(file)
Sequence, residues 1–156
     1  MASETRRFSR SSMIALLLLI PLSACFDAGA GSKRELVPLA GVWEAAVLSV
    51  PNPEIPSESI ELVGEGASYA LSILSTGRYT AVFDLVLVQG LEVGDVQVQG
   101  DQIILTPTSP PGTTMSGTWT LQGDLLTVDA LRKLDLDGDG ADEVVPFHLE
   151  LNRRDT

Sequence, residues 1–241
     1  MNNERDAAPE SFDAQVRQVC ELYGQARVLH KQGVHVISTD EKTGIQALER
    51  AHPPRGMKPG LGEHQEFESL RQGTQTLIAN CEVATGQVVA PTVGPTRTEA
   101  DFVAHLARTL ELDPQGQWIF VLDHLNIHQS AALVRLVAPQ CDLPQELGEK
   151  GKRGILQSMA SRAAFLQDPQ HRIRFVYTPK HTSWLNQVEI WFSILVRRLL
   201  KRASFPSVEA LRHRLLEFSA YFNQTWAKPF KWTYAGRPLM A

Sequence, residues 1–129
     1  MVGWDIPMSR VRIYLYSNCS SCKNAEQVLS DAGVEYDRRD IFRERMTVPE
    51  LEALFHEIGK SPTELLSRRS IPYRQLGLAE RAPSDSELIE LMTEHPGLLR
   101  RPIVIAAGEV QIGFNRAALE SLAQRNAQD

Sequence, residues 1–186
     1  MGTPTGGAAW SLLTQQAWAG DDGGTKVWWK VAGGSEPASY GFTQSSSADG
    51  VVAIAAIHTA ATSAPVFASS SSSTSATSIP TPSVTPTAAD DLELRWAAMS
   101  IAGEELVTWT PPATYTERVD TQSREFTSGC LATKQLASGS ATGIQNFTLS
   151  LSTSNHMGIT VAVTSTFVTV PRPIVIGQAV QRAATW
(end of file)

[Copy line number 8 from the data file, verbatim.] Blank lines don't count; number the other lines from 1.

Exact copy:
    51  AHPPRGMKPG LGEHQEFESL RQGTQTLIAN CEVATGQVVA PTVGPTRTEA